I often try to imagine what the prairies looked like when the first Europeans saw this area. Now, as we look at it, the landscape is much changed; invaded by trees and other species not native to the area. As we restore part of our farm to its original prairie and wetland appearance, I can begin to see the past a bit more clearly.
As I read early accounts of our area of western Minnesota, the writers tell of expanses of native grasses and wetlands that stretched to the sky. They describe viewing in all directions and having the skyline unbroken by any trees. Such a landscape is extremely difficult to visualize. The area has been changed extensively since those early times.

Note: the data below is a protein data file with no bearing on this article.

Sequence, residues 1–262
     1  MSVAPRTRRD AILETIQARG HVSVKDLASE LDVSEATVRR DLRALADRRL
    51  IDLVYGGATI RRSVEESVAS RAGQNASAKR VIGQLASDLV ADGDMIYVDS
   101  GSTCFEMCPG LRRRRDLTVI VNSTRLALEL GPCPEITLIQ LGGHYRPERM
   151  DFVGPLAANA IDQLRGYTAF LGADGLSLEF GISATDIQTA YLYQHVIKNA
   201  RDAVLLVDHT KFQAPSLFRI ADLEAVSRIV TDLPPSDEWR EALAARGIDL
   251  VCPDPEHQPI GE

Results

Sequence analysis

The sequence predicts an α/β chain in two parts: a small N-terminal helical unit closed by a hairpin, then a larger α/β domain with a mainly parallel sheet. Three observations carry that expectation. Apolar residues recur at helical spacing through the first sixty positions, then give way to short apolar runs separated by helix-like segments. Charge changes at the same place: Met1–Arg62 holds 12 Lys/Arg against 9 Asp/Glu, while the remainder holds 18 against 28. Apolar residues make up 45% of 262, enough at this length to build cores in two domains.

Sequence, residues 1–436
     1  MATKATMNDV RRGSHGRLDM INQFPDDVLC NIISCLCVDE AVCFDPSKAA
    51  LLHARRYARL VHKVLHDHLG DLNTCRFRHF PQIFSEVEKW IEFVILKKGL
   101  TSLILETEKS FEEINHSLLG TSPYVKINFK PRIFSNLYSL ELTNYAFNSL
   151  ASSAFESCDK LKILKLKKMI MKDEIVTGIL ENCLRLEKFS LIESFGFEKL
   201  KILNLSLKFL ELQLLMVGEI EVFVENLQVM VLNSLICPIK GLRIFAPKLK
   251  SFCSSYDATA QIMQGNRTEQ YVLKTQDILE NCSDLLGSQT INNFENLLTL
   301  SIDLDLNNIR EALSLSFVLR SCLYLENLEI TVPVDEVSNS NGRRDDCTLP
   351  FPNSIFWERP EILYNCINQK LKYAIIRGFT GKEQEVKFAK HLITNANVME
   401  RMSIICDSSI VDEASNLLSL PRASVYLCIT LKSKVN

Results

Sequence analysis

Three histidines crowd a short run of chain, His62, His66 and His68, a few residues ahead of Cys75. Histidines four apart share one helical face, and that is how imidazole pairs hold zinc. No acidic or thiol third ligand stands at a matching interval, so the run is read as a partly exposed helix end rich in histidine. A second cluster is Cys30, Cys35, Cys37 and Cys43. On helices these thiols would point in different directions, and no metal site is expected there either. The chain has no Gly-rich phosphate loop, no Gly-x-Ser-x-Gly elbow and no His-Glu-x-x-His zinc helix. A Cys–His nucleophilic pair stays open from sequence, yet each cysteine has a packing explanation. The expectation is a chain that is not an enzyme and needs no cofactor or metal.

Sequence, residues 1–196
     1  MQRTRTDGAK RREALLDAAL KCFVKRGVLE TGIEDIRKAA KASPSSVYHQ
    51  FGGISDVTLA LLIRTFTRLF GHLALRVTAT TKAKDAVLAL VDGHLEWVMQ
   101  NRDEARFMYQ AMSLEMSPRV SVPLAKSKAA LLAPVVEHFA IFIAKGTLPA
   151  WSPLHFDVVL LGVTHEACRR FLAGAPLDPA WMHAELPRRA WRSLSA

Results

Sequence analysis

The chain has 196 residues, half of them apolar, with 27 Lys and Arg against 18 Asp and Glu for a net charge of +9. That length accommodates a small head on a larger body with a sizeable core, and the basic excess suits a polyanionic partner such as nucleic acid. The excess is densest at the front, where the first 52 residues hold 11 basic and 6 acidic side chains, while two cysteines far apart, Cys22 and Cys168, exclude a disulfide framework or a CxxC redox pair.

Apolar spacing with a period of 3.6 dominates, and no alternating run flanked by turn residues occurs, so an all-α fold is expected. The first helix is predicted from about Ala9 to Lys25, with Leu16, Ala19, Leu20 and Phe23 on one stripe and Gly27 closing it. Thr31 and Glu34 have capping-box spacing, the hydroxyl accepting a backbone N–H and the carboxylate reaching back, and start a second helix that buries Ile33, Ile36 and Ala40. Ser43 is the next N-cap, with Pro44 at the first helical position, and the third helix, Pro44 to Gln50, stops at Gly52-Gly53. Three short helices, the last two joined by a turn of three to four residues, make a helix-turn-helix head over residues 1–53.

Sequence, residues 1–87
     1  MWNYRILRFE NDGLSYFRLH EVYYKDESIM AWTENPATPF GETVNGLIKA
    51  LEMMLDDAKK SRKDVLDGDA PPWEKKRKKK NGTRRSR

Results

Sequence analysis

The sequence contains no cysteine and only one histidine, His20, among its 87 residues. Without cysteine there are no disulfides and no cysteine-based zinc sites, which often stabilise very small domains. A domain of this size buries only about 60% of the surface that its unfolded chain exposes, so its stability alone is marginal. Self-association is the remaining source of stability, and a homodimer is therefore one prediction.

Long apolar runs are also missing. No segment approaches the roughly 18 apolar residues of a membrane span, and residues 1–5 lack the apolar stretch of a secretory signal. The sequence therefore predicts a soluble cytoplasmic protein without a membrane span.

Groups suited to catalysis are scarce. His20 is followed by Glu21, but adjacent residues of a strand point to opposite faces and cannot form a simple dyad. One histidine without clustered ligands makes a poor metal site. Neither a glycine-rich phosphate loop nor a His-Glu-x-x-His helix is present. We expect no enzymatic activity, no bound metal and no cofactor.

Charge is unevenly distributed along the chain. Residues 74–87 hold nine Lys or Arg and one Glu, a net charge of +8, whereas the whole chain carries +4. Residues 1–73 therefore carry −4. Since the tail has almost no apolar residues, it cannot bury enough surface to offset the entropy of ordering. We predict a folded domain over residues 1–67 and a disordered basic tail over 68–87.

The restoration process is a bit painful as the backhoes and dozers tear out the trees and brush, leaving the rolling landscape wide open. Our views are changing. Our hope is to restore the grassland and wetland areas, making the area attractive to nesting waterfowl and upland birds, in the process. Few types of habitat have been so totally overtaken by man as our American native prairies. Restoring a bit of it helps to reconnect us to a time before; to a wild and open landscape which vividly represents the American West.